It could be about a month before a former Forsyth County planning director will learn if he’s closer to getting his job back.
The Forsyth County Civil Service Board on Thursday heard arguments for and against its December decision to uphold Chance’s termination by the county commission in August 2010.
His 15-year tenure with the county was ended following an investigation of his management practices and computer use.
In an order signed Aug. 18, Forsyth County Chief Superior Court Judge Jeffrey S. Bagley reversed the board’s ruling to uphold Chance’s dismissal and directed them to revisit the matter.
The three-member board has 30 days to issue its decision on the matter.
According to Bagley’s order, once the board has made its finding, Chance may again petition the court.
At the heart of the issue is whether the county commission’s decision to fire chance was made under false pretenses.
According to the order, Chance had to prove that the reason given for his termination was not the true one.
Furthermore, he had to persuade the board the county fired him for a discriminatory reason or the county’s explanation lacked credibility.
Chance’s attorney, Eric Chofnas, maintained Thursday that his client’s termination was politically motivated.
The board members, he said, erred in ruling that they could not take action against improper political behavior against Chance, though they conceded "the investigation and eventual discipline against [Chance] was motivated in large part by improper political motives and accompanied by a poor quality investigation."
The board did, however, file an ethics complaint against former Planning Commissioner Brant Meadows, which was ultimately dismissed.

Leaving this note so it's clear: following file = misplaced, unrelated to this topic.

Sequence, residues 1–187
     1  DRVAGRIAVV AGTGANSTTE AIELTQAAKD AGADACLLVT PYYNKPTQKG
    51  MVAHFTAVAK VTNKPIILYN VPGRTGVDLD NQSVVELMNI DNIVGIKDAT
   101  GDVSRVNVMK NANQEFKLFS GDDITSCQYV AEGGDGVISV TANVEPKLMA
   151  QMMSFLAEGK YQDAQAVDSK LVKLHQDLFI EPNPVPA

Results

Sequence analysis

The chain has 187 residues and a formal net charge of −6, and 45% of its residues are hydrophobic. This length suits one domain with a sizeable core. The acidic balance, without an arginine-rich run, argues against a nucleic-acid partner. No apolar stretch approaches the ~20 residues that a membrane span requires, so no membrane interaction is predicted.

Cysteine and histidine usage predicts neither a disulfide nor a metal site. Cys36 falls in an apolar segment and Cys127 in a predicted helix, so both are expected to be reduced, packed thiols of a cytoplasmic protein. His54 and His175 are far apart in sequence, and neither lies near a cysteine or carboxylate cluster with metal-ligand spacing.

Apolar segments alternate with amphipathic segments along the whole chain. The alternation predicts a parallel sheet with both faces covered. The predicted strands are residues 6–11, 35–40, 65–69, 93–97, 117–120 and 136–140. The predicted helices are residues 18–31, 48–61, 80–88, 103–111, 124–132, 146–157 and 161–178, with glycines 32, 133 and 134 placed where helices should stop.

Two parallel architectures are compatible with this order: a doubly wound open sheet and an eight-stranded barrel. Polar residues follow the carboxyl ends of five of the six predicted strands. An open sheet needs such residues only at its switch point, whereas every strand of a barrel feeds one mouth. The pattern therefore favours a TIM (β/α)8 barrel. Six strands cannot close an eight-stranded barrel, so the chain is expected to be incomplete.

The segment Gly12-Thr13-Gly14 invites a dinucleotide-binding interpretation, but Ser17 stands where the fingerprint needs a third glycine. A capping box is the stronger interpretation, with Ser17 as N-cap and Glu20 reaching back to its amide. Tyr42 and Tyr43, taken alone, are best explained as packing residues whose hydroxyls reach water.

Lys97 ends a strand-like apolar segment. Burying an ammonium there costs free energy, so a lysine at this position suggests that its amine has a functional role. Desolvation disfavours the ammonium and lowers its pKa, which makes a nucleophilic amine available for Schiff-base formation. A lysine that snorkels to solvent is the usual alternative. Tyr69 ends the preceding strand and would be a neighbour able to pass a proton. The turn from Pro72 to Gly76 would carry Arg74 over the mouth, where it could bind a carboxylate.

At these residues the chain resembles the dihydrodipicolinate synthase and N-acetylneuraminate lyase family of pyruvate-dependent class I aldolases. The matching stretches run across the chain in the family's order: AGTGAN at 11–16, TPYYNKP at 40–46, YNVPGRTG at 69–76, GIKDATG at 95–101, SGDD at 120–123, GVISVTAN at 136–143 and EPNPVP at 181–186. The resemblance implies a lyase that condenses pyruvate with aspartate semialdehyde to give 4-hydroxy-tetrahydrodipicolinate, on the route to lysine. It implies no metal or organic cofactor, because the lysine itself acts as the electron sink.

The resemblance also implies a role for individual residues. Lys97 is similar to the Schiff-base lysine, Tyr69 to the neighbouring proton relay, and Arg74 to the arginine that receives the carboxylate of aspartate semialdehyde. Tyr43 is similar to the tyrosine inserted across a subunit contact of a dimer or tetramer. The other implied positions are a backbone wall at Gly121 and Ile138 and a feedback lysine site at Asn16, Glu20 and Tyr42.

The complaint was the result of testimony during Chance’s eight-day civil service appeal hearing last year.
"I think you have a problem with lawlessness at the high levels of county government," Chofnas said. "Apparently in response to the publicity surrounding this, the county has removed department heads from civil service protection and has delegated the authority to terminate department heads to the county administrator.
"This strikes me as being an overtly political attempt to cover their backsides and make sure this never happens again."
The county has held that Chance was fired for failure to comply with and enforce county policies in the department he led for seven years.
Tim Buckley, one of the attorneys representing the county in the matter, argued Thursday that the board’s decision to uphold Chance’s termination was appropriate.
"This board should reiterate that it did in fact consider and address the issue of pretext in its detailed and exhaustive ruling in December," Buckley said.
He added that the board should re-emphasize that it didn’t take its obligation to look at the evidence lightly.
"It is important to note that this board determined Mr. Chance had violated county policies, each carrying possible termination as discipline and many of them multiple times despite admitted knowledge of the policy and reiteration of that policy to him," Buckley said.